The motivations for using social media were analysed in connection with frequency of use and factors like gender, age, years of teaching, academic title, and disciplinary field. The results point out that for the most used tools the influence of the variables examined was higher in shaping scholars’ motivations.
In fact, frequency of use, age, years of teaching, and disciplinary field were found to be relevant factors especially for LinkedIn and ResearchGate-Academia.edu, while gender and academic title seemed to have a limited impact on scholars’ motivations for all social media sites considered in the study.
Considerations for future research are provided along with limitations of the study.
Authors : Joachim Schöpfel, Coline Ferrant, Francis André, Renaud Fabre
The paper presents empirical evidence on the opinion and behaviour of French scientists (senior management level) regarding open access to scientific and technical information.
The results are part of a nationwide survey on scientific information and documentation with 432 directors of French public research laboratories conducted by the French Research Center CNRS in 2014.
1. The CNRS senior research managers (laboratory directors) globally share the positive opinion towards open access revealed by other studies with researchers from the UK, Germany, the United States and other countries. However, they are more supportive of open repositories (green road) than of OA journal publishing (gold).
2. The response patterns reveal a gap between generally positive opinions about open access and less supportive behaviours, principally publishing articles with APCs.
3. A small group of senior research managers does not seem to be interested in green or gold open access and reluctant to self-archiving and OA publishing.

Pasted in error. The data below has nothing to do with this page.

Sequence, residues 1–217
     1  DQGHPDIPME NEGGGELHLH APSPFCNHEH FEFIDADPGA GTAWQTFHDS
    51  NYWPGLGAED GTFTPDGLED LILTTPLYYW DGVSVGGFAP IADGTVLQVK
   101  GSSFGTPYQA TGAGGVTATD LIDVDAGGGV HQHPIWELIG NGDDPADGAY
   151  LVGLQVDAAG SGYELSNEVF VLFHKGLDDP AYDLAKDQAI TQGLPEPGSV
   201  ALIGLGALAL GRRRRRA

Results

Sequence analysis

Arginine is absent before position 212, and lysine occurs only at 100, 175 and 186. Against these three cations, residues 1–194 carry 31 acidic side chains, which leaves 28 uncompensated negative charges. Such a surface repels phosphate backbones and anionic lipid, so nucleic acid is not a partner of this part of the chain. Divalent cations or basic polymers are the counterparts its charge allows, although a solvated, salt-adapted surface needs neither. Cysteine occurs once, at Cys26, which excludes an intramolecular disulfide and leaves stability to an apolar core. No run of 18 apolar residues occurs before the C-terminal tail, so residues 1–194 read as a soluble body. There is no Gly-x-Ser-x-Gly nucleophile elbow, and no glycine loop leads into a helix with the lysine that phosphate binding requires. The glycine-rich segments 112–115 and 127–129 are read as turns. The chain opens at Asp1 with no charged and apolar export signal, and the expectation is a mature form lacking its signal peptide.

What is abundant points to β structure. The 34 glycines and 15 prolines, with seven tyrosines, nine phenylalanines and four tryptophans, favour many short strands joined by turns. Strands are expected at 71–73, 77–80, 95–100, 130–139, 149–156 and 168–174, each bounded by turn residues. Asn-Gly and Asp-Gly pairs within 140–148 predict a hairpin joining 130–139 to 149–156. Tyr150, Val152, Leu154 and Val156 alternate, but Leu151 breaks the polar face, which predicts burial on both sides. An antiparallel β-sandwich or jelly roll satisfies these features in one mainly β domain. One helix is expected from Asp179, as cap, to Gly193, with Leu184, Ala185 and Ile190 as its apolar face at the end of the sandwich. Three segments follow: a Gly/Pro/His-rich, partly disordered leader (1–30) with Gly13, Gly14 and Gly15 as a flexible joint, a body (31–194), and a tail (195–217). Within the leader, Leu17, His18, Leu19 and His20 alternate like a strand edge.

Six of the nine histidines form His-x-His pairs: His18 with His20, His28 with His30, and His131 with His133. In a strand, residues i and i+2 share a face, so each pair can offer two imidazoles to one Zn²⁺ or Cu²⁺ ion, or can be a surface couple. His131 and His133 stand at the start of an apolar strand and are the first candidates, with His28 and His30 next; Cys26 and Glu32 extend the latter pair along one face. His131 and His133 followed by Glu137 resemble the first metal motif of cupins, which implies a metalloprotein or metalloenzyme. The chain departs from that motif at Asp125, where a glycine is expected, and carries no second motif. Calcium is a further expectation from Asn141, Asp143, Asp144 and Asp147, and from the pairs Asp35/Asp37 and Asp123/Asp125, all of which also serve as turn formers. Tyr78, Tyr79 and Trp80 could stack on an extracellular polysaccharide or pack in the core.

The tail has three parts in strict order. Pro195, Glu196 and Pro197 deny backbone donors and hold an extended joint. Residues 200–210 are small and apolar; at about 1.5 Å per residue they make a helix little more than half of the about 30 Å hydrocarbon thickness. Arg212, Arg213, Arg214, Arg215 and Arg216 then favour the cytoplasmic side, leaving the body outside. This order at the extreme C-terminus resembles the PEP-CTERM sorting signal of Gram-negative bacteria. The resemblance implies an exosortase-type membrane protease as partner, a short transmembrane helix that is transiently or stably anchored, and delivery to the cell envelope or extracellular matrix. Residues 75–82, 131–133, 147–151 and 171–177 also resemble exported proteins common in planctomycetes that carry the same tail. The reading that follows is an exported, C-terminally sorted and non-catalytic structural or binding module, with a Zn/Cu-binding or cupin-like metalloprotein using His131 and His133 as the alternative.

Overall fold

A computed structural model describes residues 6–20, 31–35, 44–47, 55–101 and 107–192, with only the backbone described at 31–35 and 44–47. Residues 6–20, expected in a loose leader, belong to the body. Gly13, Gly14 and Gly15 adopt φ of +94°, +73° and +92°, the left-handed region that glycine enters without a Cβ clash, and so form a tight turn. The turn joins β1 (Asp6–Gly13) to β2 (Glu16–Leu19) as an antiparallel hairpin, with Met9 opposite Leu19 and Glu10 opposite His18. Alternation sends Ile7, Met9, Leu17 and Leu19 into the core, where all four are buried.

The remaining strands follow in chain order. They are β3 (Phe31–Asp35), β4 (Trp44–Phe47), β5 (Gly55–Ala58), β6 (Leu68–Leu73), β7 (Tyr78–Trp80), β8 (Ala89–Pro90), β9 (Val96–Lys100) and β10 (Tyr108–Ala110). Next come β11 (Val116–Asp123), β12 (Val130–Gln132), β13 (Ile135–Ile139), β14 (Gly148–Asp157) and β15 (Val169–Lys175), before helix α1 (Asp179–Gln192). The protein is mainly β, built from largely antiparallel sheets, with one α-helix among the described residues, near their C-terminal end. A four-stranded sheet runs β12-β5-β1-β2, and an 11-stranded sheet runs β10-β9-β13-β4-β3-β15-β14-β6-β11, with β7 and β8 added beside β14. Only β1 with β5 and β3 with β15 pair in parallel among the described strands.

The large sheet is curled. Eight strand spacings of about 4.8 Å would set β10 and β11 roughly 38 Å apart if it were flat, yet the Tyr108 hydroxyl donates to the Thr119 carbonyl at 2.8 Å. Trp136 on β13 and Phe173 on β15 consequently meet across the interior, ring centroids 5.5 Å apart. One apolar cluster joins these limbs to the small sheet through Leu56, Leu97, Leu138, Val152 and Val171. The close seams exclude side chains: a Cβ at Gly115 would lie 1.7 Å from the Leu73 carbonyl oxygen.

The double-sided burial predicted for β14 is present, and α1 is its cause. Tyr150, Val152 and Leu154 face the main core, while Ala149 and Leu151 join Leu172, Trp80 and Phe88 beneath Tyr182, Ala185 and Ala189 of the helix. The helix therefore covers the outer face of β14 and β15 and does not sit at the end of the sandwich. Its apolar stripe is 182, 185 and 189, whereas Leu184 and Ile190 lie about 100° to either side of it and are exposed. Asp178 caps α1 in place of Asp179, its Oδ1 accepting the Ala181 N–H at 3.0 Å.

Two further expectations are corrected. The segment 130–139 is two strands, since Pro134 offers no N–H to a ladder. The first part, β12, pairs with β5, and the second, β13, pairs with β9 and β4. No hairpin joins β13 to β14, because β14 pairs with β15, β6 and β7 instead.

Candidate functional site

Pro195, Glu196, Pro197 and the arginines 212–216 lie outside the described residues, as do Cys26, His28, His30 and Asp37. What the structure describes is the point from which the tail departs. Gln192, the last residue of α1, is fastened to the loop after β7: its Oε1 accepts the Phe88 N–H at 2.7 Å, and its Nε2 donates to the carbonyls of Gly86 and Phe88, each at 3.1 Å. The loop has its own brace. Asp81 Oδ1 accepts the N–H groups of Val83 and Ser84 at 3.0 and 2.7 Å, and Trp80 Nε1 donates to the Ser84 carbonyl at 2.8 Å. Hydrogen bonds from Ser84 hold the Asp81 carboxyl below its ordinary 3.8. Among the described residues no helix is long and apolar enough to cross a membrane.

4. Similar to other studies, the French survey confirms disciplinary differences, i.e. a stronger support for self-archiving of records and documents in HAL by scientists from
Mathematics, Physics and Informatics than from Biology, Earth Sciences and Chemistry; and more experience and positive feelings with open access publishing and payment of APCs in Biology than in Mathematics or in Social Sciences and Humanities. Disciplinary differences and specific French factors are discussed, in particular in the context of the new European policy in favour of Open Science.
For the first time, a nationwide survey was conducted with the senior research management level from all scientific disciplines.
The response rate was high (>30%), and the results provide good insight into the real awareness, support and uptake of open access by senior research managers who provide both models (examples for good practice) and opinion leadership.
Authors : Qing Ke, Yong-Yeol Ahn, Cassidy R. Sugimoto
Metrics derived from Twitter and other social media—often referred to as altmetrics—are increasingly used to estimate the broader social impacts of scholarship. Such efforts, however, may produce highly misleading results, as the entities that participate in conversations about science on these platforms are largely unknown.
For instance, if altmetric activities are generated mainly by scientists, does it really capture broader social impacts of science? Here we present a systematic approach to identifying and analyzing scientists on Twitter.
Our method can identify scientists across many disciplines, without relying on external bibliographic data, and be easily adapted to identify other stakeholder groups in science.
We investigate the demographics, sharing behaviors, and interconnectivity of the identified scientists.
We find that Twitter has been employed by scholars across the disciplinary spectrum, with an over-representation of social and computer and information scientists; under-representation of mathematical, physical, and life scientists; and a better representation of women compared to scholarly publishing.
Analysis of the sharing of URLs reveals a distinct imprint of scholarly sites, yet only a small fraction of shared URLs are science-related. We find an assortative mixing with respect to disciplines in the networks between scientists, suggesting the maintenance of disciplinary walls in social media.
Our work contributes to the literature both methodologically and conceptually—we provide new methods for disambiguating and identifying particular actors on social media and describing the behaviors of scientists, thus providing foundational information for the construction and use of indicators on the basis of social media metrics.